Sarah Palin: the establishment’s savior?

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Normally, when writing on political dynamics, one begins with a theory, presents a justification, and then details a potential result. But I’m impatient, so I thought it might be easier to crank up the Delorean and look at the end first. To that end, I’ve made up a crazy hypothetical brought back an important news report from the future to illustrate how Sarah Palin could ultimately become the establishment candidate in the race:

January 2nd, 2012

DES MOINES, IOWA (Reuters) — Former Alaska Governor Sarah Palin defied expectations last night by winning the Iowa caucus, gaining the support of 35% of caucus-goers. Former Massachusetts Governor Mitt Romney finished a distant second with 20%, barely edging out the 19% earned by businessman Herman Cain. Texas Gov. Rick Perry received a stinging rebuke with 9%.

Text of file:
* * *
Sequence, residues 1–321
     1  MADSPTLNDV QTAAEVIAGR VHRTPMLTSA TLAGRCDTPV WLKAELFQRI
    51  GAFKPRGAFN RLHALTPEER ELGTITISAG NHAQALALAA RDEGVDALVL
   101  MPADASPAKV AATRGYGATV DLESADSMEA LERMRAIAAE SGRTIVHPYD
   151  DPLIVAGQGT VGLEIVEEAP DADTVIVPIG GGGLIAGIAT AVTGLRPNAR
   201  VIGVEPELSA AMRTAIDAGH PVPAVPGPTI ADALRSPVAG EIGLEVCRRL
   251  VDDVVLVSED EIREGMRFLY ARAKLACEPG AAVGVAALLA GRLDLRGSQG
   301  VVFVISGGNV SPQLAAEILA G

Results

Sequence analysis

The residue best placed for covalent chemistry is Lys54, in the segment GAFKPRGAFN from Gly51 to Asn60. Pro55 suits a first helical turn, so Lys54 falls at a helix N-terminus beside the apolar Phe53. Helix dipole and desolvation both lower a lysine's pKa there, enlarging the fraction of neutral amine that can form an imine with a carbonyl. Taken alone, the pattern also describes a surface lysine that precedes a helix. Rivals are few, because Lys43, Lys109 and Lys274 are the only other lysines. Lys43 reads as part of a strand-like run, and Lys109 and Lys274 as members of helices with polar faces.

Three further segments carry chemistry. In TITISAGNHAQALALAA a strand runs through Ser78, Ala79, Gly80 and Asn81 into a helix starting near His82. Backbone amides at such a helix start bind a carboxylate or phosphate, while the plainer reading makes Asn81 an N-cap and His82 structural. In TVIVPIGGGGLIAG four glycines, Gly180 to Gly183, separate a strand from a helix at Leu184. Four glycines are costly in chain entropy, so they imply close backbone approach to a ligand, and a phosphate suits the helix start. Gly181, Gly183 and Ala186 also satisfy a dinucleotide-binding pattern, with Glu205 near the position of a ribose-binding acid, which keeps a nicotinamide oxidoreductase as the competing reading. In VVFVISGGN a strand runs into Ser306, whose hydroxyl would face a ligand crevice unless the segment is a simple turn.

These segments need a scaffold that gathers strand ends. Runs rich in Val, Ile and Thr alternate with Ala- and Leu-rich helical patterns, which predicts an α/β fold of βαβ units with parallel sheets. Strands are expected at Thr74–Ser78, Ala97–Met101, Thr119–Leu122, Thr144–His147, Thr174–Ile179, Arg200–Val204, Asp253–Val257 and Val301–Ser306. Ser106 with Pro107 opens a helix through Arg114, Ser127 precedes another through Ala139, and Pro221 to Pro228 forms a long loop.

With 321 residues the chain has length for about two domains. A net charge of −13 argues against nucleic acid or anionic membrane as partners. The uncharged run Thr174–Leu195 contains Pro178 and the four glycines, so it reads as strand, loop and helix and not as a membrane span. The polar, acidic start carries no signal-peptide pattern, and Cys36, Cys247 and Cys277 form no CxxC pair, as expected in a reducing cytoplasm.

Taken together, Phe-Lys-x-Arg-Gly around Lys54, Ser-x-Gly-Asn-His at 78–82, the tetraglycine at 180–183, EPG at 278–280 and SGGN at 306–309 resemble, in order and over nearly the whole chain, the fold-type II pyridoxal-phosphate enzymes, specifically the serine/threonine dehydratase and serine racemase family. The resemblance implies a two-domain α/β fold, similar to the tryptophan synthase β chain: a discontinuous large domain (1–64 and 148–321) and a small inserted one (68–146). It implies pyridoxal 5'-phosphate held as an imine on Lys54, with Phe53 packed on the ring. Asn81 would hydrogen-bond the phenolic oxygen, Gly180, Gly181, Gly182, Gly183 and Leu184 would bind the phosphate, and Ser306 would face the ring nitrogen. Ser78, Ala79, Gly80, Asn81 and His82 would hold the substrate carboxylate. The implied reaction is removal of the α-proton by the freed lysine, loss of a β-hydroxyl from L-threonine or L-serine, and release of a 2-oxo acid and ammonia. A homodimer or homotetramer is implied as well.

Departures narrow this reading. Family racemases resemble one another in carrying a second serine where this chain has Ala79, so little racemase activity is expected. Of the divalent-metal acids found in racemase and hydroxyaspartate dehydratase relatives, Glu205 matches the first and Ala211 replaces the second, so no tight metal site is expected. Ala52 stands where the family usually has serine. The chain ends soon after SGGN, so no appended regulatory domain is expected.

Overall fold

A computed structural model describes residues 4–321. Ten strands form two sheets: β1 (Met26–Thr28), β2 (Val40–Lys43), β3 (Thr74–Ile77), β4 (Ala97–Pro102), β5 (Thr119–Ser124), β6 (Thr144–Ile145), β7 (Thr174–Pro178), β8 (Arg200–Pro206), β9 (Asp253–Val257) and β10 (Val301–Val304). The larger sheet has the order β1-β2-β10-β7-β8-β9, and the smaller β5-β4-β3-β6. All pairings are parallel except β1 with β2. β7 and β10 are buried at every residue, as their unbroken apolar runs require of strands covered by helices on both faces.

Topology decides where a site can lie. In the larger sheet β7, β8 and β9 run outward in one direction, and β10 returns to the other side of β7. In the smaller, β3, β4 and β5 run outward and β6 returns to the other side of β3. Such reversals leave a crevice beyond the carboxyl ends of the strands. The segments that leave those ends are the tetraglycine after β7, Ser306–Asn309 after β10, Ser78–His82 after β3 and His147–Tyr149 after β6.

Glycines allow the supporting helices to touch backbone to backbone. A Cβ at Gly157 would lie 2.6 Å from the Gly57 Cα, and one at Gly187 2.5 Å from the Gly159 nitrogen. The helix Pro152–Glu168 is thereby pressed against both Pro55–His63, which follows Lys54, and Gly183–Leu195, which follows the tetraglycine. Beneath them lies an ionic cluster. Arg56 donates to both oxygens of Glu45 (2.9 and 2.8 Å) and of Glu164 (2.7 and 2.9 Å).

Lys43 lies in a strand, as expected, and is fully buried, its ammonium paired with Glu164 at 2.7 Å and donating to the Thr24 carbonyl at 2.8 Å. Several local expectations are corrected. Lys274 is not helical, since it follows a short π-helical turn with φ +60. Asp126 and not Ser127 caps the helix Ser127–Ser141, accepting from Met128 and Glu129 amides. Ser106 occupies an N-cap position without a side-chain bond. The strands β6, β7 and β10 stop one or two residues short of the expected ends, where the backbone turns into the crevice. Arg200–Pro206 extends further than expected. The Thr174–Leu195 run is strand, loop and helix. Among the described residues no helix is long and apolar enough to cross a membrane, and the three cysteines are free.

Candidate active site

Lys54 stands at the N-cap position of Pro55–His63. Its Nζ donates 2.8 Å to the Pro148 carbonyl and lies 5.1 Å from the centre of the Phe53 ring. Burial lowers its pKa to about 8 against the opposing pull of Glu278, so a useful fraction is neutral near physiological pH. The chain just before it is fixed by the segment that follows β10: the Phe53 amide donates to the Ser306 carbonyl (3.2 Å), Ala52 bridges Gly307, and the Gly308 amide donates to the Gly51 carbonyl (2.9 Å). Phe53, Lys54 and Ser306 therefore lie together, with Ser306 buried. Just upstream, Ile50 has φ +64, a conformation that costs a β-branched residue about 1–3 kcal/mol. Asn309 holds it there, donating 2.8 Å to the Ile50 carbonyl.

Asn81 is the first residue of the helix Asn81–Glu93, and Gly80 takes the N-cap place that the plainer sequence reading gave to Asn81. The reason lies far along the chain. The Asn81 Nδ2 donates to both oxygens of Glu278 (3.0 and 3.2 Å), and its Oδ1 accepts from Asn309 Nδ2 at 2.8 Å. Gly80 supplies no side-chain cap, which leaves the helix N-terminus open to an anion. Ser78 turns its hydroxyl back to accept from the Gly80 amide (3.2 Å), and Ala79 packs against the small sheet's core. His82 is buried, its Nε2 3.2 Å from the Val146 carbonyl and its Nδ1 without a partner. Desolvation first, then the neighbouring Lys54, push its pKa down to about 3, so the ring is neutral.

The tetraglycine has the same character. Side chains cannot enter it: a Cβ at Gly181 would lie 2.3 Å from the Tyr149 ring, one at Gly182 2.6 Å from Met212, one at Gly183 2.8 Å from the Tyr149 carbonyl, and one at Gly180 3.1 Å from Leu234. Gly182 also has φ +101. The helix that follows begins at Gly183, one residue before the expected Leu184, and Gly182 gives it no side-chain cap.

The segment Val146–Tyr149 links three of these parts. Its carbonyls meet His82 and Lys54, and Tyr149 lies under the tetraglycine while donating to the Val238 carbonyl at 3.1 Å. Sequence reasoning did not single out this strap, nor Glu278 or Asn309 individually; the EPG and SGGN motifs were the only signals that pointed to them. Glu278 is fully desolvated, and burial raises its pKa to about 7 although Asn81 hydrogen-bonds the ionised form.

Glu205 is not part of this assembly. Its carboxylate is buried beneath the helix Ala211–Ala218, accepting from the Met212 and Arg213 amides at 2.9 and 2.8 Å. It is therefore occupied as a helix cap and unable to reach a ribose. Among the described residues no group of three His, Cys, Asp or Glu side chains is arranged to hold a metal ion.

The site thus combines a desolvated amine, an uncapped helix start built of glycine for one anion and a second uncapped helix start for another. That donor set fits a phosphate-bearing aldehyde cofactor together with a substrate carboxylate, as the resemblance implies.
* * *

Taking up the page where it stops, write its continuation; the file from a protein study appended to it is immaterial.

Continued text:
Palin, a tea-party darling treated as a pariah by Washington Republicans, ironically surfed a late wave of support from establishment conservatives, who were alarmed by the collapse of Perry and the surge by the more radical Cain.

“This was the best [expletive] deal we could strike with the tea party,” said a GOP operative who asked not to be named. “We offered them [expletive] Perry, he flopped, they gave us [expletive] crazy Herman, and this was the only [expletive]  card we had left to play. I’m mad, but not as mad as I’d be if it had been the [expletive] pizza guy.”